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Monday, December 19, 2005

Jury nullification

Jury nullification is the little-known right that juries have to vote according to their conscience. This right is valid in the UK, Canada, US, Australia and New Zealand. It allows jurors to vote against the law if they consider the law unfair or whatever.

Interestingly, jurors are not advised of this right. And if any juror advises of their knowledge of this right, they are removed from the jury. Anyone who advises jurors of this right within a court can be arrested for 'jury tampering'.

I found out about it this morning, after having a discussion with Deidre about it. She didn't believe me, so I had to find the evidence.

Posted on 12/19/2005 01:41:00 PM Backlinks

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Blogger Chancelucky said...

I wouldn't call jury nullification a recognized right in the United States. It's more of a theory, but yes some juries (often in medical marijauna cases) have chosen to disregard the judge's jury instructions.

12/19/2005 07:22:00 PM  
Blogger NightFallTech said...

I find myself slightly torn on this issue, on the one hand it makes sense and I fully believe that jurors should have the right to decide against bad law and in practise that right is inalienable because jurors are human beings who will, in many cases, break the rules rather than go against their own best judgement (at least i would hope so). On the other hand this has the ring of 'conspiracy theory' about it that raises questions as to the direct motivation behind the article you link to (From the closing paragraphs it would appear that the authors agenda may well be decriminalisation of personal drug use).

12/20/2005 10:50:00 AM  
Blogger Alan Howard said...

Chance: it's a responsibility, rather than a right, and it's certainly not promoted by the legal system. And you can probably understand why. These elitists certainly wouldn't want the law put back into the hands of the people, would they? Hell no, that'd just lead into the nightmare world where the people have control over the government and the legal system, and we certainly can't have that, can we.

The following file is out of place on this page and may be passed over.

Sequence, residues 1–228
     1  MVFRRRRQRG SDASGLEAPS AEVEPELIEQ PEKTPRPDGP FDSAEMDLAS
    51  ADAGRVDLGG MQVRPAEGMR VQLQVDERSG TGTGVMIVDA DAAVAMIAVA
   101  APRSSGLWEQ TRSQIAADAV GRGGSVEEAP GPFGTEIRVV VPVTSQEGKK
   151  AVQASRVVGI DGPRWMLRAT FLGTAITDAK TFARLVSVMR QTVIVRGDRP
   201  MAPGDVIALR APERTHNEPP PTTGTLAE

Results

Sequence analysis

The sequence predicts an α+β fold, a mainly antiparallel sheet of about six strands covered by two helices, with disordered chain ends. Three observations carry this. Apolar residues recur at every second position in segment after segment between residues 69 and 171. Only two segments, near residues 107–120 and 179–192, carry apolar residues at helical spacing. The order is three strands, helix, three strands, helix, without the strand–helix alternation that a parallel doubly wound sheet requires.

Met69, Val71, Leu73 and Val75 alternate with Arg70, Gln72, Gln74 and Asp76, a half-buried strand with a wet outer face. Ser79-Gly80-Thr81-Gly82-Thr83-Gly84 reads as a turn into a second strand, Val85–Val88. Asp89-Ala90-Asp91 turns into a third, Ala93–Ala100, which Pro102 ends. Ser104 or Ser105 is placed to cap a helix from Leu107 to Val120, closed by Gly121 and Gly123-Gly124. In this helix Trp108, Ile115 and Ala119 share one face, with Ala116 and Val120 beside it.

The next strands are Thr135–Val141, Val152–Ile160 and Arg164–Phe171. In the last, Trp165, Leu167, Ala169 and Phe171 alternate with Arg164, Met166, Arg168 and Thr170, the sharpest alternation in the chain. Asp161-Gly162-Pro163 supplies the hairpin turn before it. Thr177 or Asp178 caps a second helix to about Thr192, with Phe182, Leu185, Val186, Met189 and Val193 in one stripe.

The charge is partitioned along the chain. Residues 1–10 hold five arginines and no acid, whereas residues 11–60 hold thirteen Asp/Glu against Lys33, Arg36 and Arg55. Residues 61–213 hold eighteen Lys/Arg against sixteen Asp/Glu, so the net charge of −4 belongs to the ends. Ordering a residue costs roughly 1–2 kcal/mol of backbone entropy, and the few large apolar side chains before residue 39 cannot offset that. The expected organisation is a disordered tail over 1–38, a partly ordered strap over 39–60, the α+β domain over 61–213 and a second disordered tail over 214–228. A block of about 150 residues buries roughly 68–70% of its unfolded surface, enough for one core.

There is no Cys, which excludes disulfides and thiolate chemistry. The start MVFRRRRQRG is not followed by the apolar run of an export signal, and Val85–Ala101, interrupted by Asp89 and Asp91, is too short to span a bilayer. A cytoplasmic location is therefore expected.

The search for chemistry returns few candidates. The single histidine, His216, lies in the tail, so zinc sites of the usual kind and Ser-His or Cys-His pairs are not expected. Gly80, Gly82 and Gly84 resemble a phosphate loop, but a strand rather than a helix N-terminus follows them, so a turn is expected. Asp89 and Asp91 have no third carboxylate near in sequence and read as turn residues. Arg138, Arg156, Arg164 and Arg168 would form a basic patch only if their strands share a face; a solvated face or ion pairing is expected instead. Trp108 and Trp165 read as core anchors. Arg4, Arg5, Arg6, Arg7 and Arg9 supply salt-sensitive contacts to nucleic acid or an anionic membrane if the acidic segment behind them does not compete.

NightFall: since it's a fact that jurors can vote according to their conscience, as allowed by the law, and it's a fact that the legal system doesn't promote knowledge of this, then it's a fact that, while there might not actually be a 'conspiracy', there certainly is a desire by those in power to keep people in the dark about their rights and responsibilities. It advantages the legal elitists by having their power unchallenged.

If jurors start voting according to their conscience, as there purpose originally was intended, then the conscience of the people would start to influence the laws of society.

It would mean that the people are in control of their society, and as mentioned above, that just can't be allowed to happen.

12/20/2005 10:57:00 AM  
Blogger Chancelucky said...

What would you think if a jury convicted someone, simply because they didn't like the defendant?

12/20/2005 01:25:00 PM  
Blogger Alan Howard said...

Since the reason for a jury's verdict is never actually known, nor is it required, we'll never know how many people are convicted simply because the jury didn't like them. But I doubt that would ever be the case. Since juries are usually ignorant of their full rights, they'd find people guilty or not guilty due to the evidence. However, for juries that know their rights, I still doubt that finding a person guilty due to not liking them would happen, because it has to be a unanimous decision. But hey, stranger things have happened in the past, and are likely to happen again.

But we still wouldn't know. :-)

12/20/2005 01:38:00 PM  
Blogger Chancelucky said...

I'd disagree with that. With DNA testing, they're finding a surprising number of death row inmates provably innocent. In many of those cases, the jury ignored other exculpatory evidence. In other words, there probably have been Juries engaged in Jury affirmation where they simply ignored the law and the evidence because they didn't like someone or agreed with the prosecutor's portrait of the defendant as a bad person.

lynchings were also examples of "people's justice.

I'm not necessarily against the notion of jury nullification, but I'm just suggesting that it has its dangers.

12/20/2005 02:44:00 PM  

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